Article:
Combining the above results, we further assumed that the PITX1 promoter methylation and gene expression should be well associated. However, linear correlation analysis indicated no statistically significant correlation between PITX1 promoter methylation and gene expression (P = 0.842). In addition, the results of the current study showed that only 44.0% (22 of 50) patients were identified with positive methylation of PITX1 promoter. We presumed 2 possible explanations for this significant deviation. Firstly, the methylation region of PITX1 gene involved in the pyrosequencing assay was only part of the whole gene, and other fragments might also be responsible for the regulation of gene expression. Secondly, there should be other regulation pathways apart from PITX1 promoter methylation, such as the cartilage oligomeric matrix protein (COMP), protocadherin10 (PCDH10) and others [12]. Hence, further studies focusing on the methylation of other genes in AIS are indeed needed.

There were several limitations with this study. Firstly, the relatively small sample size was the largest limitation of our study. Secondly, only PITX1 promoter methylation was included in the analysis. Since it has been widely accepted that AIS resulted from combination of multiple genes, abnormalities of other regions of PITX1 gene and other potential genes was not assessed. The decision of cut-off point for positive and negative methylated subgroups based on the results of the current study was arbitrary. Nevertheless, this study put forward a novel hypothesis based on the association between genetics and epigenetics to explain the etiology and curve progression in AIS.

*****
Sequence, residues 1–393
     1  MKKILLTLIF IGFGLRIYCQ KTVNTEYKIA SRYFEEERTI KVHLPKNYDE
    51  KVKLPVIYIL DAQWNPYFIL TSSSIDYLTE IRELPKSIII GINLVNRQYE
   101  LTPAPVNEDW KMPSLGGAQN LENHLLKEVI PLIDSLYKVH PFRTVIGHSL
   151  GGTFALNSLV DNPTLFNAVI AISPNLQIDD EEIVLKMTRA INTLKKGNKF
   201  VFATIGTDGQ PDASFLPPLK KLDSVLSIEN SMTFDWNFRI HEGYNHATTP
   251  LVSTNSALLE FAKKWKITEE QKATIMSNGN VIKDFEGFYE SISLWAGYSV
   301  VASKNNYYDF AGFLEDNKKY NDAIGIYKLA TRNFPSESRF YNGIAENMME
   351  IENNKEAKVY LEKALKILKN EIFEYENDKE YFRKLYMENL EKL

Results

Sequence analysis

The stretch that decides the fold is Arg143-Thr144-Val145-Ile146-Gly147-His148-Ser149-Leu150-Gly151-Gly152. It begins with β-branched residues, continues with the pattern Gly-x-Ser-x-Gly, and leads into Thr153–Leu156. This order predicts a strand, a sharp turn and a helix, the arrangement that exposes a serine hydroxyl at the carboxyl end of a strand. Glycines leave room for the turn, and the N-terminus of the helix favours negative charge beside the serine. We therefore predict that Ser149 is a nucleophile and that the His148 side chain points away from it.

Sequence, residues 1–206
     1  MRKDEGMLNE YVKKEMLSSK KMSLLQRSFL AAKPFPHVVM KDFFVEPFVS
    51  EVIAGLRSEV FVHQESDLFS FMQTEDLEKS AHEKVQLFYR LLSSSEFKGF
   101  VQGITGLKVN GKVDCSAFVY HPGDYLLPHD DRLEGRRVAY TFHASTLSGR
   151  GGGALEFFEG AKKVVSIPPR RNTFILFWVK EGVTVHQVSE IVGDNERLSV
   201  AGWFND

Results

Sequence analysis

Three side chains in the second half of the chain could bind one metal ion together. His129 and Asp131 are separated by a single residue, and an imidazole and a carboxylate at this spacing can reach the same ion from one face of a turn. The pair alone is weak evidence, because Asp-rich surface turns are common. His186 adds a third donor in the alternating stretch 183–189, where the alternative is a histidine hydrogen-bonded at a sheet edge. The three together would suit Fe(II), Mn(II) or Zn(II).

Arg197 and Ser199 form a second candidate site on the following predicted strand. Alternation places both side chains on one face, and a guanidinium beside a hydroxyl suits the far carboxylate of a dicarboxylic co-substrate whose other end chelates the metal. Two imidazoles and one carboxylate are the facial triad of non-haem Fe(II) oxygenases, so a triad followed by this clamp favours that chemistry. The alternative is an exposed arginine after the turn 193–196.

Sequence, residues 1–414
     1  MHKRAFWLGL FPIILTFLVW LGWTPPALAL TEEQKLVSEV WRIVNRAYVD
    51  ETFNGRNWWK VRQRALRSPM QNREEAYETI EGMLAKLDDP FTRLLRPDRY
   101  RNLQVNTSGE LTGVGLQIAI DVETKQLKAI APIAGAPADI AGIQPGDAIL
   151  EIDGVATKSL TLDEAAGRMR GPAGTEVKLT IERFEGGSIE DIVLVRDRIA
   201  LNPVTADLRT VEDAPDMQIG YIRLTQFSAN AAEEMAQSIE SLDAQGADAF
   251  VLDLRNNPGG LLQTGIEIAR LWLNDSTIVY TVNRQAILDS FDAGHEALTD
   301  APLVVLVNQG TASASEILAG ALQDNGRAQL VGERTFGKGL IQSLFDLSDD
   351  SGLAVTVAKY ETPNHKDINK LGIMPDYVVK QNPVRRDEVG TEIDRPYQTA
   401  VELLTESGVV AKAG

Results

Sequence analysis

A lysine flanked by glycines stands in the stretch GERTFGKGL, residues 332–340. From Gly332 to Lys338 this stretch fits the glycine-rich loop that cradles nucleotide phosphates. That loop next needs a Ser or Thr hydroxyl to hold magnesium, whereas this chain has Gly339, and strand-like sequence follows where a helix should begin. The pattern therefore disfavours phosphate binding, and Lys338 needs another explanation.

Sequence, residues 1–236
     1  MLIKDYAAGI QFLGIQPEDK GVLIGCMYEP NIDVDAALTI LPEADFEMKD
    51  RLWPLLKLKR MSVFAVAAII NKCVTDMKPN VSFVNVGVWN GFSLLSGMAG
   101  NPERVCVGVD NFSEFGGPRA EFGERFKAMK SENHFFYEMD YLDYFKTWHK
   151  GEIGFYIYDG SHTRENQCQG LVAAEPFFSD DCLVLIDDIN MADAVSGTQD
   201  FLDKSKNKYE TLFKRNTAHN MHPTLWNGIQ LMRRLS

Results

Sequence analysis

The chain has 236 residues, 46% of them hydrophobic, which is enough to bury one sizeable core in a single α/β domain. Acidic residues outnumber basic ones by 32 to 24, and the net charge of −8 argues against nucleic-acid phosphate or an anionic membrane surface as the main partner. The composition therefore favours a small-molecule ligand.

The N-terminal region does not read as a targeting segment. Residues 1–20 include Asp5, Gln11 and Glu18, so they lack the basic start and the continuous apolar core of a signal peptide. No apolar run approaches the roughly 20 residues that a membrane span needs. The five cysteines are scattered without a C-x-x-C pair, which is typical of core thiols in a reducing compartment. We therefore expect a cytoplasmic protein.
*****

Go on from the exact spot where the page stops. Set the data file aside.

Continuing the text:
Recent data suggested that epigenetic responses including DNA methylation were involved not only in cellular differentiation but also in modulation of genome function in response to signals from various environments [32]. Therefore, our study not only indicated the relationship between abnormal gene methylation and occurrence of AIS but also implied the link between the Cobb angle and the aberrant methylation of PITX1 gene promoter. In addition, the results suggested that PITX1 gene methylation may be a new molecular diagnostic factor and a new biomarker for curve progression.

Conclusions

AIS patients have significantly higher methylation level and lower PITX1 gene expression when compared to normal controls. In AIS patients, PITX1 methylation is significantly associated with the Cobb angles of main curves. This close association between genetics and epigenetics in AIS puts forward a novel hypothesis which suggests DNA methylation may play an important role in the etiology and curve progression of AIS.

Abbreviations

AIS: 

Adolescent idiopathic scoliosis

PCR: 

Polymerase chain reaction

PITX1: 

Pituitary homeobox 1

Declarations

Acknowledgements

Thanks are due to Prof. Tsz-Ping Lam from Department of Orthopaedics and Traumatology, Chinese University of Hong Kong, for assistance with the revision of the manuscript.

Funding

This work was financially supported by the China Postdoctoral Science Foundation (2017 M610323) and the Natural Science Foundation of Jiangsu Province (BK20170126).

Availability of data and materials

The data and materials in current paper may be made available upon request through sending an e-mail to first author.

Authors’ contributions

YQ and ZZ conceived the study and design, and supervised the study. XS and LX undertook acquisition of data. ZL and LX contributed materials essential for the study. BS and SM analyzed and interpreted the data and drafted the manuscript. ZL and XS performed critical revision of the manuscript. All authors read and approved the final manuscript.

Ethics approval and consent to participate

The Drum Tower Hospital’s review board approved this retrospective study and all participating subjects or their legal guardians signed the written informed consents..

Competing interests

ZZ is a member of the Editorial Board of BMC Musculoskeletal Disorders. The other authors declare that they have no competing interests.

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Authors’ Affiliations

(1)
Spine Surgery, the Affiliated Drum Tower Hospital of Nanjing University Medical School, Zhongshan Road No. 321, Nanjing, 210008, China

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Copyright

© The Author(s). 2018